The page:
“I think it’s a fairly legitimate expectation … that they’re going to evaluate and determine feasibility of privately financed proposals — to build hotels, to build indoor ski slopes — and they’ll say by June 25th, they’ll have everyone’s stuff on record,” Stinebaker said. “They’re also going to collate public use recommendations, how county taxpayers could pay to convert it into an open-air park, or an indoor festival venue. Or, No. 3 — they could say that it could be torn down.”

And the reason why it’s all happening now is so that there could be a ballot item this November to finalize the plan and have the community ratify it, whatever it may be. That’s faster than what we had heard before, which suggested HCSCC would make its recommendation by the end of this year, for a vote sometime in 2014. Maybe the county is taking the concerns about the Super Bowl bid more seriously. Speaking of which, and just because it amused me, I want to note that former Secretary of State James Baker has been told by the NFL that he can’t participate in the city’s presentation to the owners because he’s a celebrity and his presence might make them too starry-eyed to be able to objectively evaluate the city’s bid for Super Bowl LI. Or something like that. Good thing we weren’t planning to send Beyonce to make our case, I guess.

UPDATE: If you can get past the embarrassing typo in the headline, this Chron editorial calls for instant runoff voting to determine the Dome’s fate. I’m not sure that would provide more political cover for whatever gets decided than a “normal” vote would, but I do agree that this isn’t a straight-up yes or no question. It’s a choice between renovation (plan to be determined), demolition, and going back to the drawing board if neither the recommended renovation plan nor demolition is seen as acceptable. As such, a different approach to the referendum may be the best way to go about it.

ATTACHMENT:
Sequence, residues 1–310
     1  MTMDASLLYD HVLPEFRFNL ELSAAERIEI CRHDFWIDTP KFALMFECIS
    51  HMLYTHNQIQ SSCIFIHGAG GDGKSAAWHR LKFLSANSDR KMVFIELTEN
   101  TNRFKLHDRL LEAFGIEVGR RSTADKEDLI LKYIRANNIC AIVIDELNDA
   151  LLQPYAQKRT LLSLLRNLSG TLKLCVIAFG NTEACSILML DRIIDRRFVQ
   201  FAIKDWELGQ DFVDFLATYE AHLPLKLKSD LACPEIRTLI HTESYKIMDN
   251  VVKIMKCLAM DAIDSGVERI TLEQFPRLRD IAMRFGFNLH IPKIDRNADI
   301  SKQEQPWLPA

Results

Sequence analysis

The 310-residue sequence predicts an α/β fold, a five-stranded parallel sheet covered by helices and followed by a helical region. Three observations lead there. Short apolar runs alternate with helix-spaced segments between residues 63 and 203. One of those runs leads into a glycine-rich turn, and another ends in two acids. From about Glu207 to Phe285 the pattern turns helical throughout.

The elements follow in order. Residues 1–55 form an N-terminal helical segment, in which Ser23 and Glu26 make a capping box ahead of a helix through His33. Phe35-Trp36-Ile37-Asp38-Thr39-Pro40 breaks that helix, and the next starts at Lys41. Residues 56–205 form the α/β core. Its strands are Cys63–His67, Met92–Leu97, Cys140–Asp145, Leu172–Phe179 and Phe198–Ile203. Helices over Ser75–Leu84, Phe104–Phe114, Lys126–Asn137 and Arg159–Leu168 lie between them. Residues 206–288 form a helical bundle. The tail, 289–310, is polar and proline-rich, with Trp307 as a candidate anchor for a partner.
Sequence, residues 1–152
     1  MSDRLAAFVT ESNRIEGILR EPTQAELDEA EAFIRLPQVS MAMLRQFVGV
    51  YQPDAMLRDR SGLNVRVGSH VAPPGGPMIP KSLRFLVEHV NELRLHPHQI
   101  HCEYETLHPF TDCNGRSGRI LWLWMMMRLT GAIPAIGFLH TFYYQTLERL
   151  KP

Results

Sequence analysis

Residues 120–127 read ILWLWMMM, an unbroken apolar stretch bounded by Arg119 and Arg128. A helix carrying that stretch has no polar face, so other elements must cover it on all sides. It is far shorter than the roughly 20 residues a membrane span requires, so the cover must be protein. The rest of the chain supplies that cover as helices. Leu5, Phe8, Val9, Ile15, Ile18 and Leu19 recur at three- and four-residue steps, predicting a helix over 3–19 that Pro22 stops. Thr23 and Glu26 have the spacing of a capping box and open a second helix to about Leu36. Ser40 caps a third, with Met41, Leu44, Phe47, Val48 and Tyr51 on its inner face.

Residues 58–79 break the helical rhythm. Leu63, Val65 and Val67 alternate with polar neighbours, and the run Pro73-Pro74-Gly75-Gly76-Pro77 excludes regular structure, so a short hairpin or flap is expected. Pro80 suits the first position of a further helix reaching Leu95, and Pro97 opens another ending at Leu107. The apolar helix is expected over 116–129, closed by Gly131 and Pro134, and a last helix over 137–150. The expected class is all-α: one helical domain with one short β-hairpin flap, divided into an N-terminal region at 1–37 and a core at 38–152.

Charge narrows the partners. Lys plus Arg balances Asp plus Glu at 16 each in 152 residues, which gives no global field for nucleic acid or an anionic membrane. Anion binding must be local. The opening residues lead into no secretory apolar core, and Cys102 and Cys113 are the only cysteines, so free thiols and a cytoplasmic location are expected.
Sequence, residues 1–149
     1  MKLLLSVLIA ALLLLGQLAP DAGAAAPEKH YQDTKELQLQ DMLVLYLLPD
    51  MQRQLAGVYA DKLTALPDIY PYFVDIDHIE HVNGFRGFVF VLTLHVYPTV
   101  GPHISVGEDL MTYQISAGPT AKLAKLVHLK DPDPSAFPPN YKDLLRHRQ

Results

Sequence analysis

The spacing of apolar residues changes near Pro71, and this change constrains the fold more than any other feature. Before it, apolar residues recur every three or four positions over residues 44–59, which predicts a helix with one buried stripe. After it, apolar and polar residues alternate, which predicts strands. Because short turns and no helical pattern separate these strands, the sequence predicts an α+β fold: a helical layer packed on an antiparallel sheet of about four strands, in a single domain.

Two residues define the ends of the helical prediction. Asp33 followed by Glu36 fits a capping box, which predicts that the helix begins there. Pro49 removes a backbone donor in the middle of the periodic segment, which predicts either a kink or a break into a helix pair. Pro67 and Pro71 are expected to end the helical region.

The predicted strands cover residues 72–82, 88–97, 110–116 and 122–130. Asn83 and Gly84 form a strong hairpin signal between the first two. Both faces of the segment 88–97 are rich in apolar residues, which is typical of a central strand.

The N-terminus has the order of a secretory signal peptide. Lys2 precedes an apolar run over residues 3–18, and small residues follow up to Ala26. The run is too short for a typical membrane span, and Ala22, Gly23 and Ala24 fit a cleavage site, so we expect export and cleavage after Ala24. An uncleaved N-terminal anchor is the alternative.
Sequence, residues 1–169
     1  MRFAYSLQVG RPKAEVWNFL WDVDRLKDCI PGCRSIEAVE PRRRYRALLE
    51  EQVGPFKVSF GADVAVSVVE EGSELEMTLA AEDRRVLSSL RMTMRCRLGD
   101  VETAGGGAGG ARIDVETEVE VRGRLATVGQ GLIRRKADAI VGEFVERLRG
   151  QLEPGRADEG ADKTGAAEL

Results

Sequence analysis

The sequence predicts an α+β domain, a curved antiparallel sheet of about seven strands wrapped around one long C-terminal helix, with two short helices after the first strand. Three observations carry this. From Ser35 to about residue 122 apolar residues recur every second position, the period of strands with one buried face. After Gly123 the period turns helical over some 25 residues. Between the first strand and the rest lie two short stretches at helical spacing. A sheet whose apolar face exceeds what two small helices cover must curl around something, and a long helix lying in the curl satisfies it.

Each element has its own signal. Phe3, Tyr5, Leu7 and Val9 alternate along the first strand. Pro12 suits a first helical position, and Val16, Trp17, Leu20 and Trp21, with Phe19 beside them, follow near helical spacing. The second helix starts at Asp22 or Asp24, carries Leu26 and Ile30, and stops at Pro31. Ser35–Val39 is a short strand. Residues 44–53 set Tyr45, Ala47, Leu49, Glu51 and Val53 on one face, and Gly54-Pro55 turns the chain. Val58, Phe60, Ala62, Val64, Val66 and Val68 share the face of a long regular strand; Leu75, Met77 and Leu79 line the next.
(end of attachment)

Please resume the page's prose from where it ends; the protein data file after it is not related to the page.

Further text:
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2 Comments

  1. Tyson says:

    A new museum is the best idea I’ve heard yet for what to do with the dome, aside from demolition.

  2. Tory says:

    Thanks, Charles and Tyson. Much appreciated. I also don’t know what happened to the idea a while back to put the arena functions inside a renovated Dome for the Rodeo and OTC/Reliant Center, instead of tearing down and building a completely new AstroArena. Our STEM concept could easily use the upper levels of the Dome and leave the lower levels for Arena functions.